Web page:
The hotel was very small but had a brilliant lake view. I remember the elevator being so small that I could only fit one suitcase and myself in it at a time. Being the silly American woman that I was, I’d brought four suitcases. No one had cued me that this was absolutely too much baggage to be lugging around in Europe. But it didn’t take me long to learn how to stash some of it at the long-term lockers at the train stations or have them sent on ahead of me when I traveled.
Though my room was quaint, it was too expensive – SF90 per night. So, I inquired about other hotels and found the perfect one, just a block away from the casino for SF45 a night. Of course, the price was low only because I was sleeping in the hotel dining room. Every room in Montreux was full because of the festival, which is one of the largest and oldest in Europe. Actually, the City of Montreux makes its annual income in the two to three weeks of this festival, founded by Claude Nobs (right). It’s incredible. Over a million people attend, yearly, from July 1 to 21, bringing loads of money into the city and country.
The first three years I attended, Quincy Jones was co-producer. He brought lots of young people on the festival like Take Six and Rachelle Farrell. I got to hang out with him at Nobs chalet way up in the mountains. The view was extraordinary and the food was exquisite!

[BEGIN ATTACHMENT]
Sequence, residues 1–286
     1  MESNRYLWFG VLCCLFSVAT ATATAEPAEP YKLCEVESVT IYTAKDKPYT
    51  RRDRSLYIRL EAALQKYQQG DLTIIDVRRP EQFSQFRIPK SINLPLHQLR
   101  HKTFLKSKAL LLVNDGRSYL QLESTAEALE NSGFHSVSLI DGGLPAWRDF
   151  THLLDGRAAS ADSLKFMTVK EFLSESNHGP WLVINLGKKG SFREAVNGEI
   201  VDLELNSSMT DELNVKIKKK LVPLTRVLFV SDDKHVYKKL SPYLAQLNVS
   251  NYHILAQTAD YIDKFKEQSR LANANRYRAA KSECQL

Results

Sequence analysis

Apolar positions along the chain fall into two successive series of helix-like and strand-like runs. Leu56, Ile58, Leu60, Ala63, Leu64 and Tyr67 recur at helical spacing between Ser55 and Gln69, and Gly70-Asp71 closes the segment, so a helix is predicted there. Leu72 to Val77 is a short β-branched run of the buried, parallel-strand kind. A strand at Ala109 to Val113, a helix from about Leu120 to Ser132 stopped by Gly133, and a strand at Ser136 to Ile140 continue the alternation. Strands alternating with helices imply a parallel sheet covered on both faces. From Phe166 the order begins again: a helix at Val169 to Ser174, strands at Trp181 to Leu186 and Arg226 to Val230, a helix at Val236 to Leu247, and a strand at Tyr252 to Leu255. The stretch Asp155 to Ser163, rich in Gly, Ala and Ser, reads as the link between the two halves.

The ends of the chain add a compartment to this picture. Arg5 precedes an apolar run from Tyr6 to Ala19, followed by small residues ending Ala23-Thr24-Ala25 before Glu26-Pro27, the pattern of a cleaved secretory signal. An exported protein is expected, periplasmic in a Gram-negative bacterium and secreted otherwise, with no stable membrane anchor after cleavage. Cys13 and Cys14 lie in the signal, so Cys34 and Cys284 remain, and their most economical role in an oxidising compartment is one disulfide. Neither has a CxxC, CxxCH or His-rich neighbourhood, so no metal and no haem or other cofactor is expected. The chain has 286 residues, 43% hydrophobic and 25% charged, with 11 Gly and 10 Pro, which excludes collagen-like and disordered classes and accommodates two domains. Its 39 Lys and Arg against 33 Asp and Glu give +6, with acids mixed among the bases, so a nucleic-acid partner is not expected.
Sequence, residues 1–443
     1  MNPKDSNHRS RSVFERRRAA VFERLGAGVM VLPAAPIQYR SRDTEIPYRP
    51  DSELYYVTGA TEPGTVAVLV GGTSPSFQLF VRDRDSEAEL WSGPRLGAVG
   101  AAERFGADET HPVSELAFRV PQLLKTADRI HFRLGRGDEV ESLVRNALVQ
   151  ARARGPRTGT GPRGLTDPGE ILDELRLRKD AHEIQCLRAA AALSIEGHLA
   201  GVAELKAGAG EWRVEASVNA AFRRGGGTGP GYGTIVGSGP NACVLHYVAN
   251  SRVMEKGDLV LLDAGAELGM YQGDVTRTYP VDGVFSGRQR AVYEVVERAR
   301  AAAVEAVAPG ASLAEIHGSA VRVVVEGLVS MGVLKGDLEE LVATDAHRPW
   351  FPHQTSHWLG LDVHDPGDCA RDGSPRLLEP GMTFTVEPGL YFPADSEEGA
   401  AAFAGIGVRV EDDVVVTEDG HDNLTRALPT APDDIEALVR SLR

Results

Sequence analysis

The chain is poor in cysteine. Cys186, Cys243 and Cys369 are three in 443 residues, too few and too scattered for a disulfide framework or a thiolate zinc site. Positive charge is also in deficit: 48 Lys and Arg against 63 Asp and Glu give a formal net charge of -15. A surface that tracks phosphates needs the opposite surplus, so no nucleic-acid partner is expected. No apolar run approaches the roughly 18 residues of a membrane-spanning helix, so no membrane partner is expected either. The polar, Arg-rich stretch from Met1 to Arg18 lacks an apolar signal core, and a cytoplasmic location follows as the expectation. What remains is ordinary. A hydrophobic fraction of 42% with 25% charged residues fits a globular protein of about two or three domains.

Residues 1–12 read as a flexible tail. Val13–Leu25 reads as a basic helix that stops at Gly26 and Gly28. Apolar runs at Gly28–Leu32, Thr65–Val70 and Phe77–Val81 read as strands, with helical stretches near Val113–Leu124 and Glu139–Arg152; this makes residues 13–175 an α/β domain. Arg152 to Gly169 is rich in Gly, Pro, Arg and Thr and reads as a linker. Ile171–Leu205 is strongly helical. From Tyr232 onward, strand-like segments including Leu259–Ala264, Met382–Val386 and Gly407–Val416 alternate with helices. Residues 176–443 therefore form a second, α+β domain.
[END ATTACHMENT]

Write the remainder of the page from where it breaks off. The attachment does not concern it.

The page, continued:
After one of the last concerts, a Belgian woman, Cecile Veltman, who I’d met at a telephone, accompanied me to the jam session at the Hyatt Hotel, not far from the casino where the festival took place. I sang “Summertime”. Cecile was enthralled with my performance and insisted on helping me get a gig. She took me to the fabulous Beau Rivage Palace, where Diana Ross was married, in Lausanne. Cecile negotiated with the manager of the Janus Club, a fabulous lounge and disco in the hotel. Mr. Gassette was a suave, well-dressed, black man from Guatemala. He spoke French and so did she. I sang with the French duo (piano and sax) that was performing for the month of July. With them, I sang “Georgia” and “Summertime”. At the end of that evening, I had a contract for the month of December, paying me $6,000! I was too excited.
Unbeknownst to me then, two years later, I’d joined the duo, Jean Paul and Tony in Paris for a two-week engagement at the Atlantis Lounge in the lobby of the Hotel Meridien Montparnarsse. I would return to Paris many times, not to work, but to hang out with the many friends I’d made there, particularly at the jazz club, Duc du Lombard, in Châtelet. I went there seven times in one year because I had a boyfriend there. But it didn’t amount to much. We were too far apart to make the relationship work.
On that first excursion, I stayed for five weeks, visiting Amsterdam, Nice, Montreux, Munich, Frankfurt and Hamburg. When I returned to Florida, I began plans for my gig in November. My friend, the lawyer, gave me my ticket and train pass, once again, and money to buy new clothing. I felt like a princess! I went to a special store owned by a friend of mine and bought wonderful apparel for the trip.
FIRST CONTRACT IN SWITZERLAND
On October 30, 1990, I flew to Lausanne. At the gorgeous Beau Rivage Palace, I stood in the grand reception area awaiting the bellman, who accompanied me to my room, which was small but elegant. The view from my window reminded me of all the old world scenes I’d seen in movies about Europe. I was enchanted. I was a princess! I would even meet a prince, a young man, Sebastiou, from Angola who stole my heart for one short but delightful month.